Pickling…Not just for Cucumbers

Pickled Cantaloupe

Dill, sweet, fresh-pack, fermented…there are many varieties of pickles to choose from. While these types of pickles are available on grocery shelves as well as in recipes, most of the pickles on the grocery shelves are made with cucumbers. What if you want to try a different type of fruit or vegetable as a pickled product? Then follow the links to tested recipes from the National Center for Home Food Preservation and add one or two of these fruit and vegetable pickle recipes to your home food preservation practice.

Interesting vegetable recipes include Bread and Butter Pickled Jicama, Pickled Sweet Green Tomatoes, and Pickled Horseradish Sauce.  (Note the horseradish sauce is to be kept in the refrigerator only; there is not a canning process to recommend.)  If you are keen on the flavor of fruit pickles (or interested in a taste adventure), then you might like to try Watermelon Rind Pickles, Spiced Crabapples, or even Cantaloupe Pickles (also available is a No-Sugar Added Cantaloupe Pickles recipe). Quite a few more fruit and vegetable pickle recipes are also available.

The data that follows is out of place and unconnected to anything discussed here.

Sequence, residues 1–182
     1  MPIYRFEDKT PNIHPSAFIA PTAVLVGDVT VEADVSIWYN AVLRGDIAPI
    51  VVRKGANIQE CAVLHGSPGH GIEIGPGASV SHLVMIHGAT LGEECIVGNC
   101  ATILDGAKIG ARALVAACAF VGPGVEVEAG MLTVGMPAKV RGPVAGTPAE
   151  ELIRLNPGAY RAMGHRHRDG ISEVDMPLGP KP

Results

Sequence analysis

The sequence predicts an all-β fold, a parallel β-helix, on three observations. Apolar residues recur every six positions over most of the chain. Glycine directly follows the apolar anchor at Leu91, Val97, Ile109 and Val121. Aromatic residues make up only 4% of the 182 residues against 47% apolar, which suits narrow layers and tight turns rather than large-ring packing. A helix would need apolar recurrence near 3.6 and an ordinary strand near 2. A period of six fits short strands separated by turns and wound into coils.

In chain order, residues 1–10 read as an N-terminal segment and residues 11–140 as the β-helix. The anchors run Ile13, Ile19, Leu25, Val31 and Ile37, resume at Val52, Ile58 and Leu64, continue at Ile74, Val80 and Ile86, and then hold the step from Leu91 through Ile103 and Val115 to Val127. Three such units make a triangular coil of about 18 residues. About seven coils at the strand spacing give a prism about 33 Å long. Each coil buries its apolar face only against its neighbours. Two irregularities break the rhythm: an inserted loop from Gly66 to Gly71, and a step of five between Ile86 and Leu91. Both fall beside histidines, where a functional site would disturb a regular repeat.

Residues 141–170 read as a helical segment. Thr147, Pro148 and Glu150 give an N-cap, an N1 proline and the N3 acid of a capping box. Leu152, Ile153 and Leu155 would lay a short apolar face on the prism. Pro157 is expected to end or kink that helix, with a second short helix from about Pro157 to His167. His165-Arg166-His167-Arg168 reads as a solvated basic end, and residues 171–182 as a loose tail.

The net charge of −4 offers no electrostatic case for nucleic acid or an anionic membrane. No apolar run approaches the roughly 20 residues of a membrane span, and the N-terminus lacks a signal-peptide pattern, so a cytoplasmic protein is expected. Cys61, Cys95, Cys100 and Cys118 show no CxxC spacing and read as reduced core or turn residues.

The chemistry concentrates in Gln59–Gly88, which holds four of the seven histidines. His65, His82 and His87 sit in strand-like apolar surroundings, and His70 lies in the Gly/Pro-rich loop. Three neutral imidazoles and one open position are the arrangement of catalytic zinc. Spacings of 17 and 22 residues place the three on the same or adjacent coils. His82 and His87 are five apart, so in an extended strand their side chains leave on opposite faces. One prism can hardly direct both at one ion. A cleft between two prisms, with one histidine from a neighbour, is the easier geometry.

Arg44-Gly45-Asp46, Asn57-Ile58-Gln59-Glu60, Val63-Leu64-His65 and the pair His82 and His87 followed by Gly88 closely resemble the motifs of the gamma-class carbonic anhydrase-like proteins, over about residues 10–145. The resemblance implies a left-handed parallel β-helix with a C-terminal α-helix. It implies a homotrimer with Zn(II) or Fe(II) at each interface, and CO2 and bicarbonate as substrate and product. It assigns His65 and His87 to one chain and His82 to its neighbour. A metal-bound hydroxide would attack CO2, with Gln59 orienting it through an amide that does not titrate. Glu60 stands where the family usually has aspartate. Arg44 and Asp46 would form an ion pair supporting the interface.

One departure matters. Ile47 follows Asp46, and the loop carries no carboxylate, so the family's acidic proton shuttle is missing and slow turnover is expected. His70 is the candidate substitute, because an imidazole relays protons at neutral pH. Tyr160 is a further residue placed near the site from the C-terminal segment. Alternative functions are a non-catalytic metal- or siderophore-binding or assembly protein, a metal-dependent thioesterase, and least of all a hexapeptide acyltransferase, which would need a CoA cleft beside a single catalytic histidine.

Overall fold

Pickled Pearl OnionsPickled Baby Carrots

Remember that the level of acidity is not just important for the taste and texture of your pickled products, but also for the safety of the product. For every tested recipe, the recommended amount of vinegar is necessary for a uniform acidity throughout the product to prevent the growth of botulinum bacteria. Do not alter the proportions of vinegar, water, or foods in tested recipes, and please, use tested recipes.

As for your produce, select fresh, firm fruits or vegetables that are free of spoilage or other damage, and wash them well.

Visit the NCHFP website for more information about Preparing and Canning Fermented and Pickled Foods.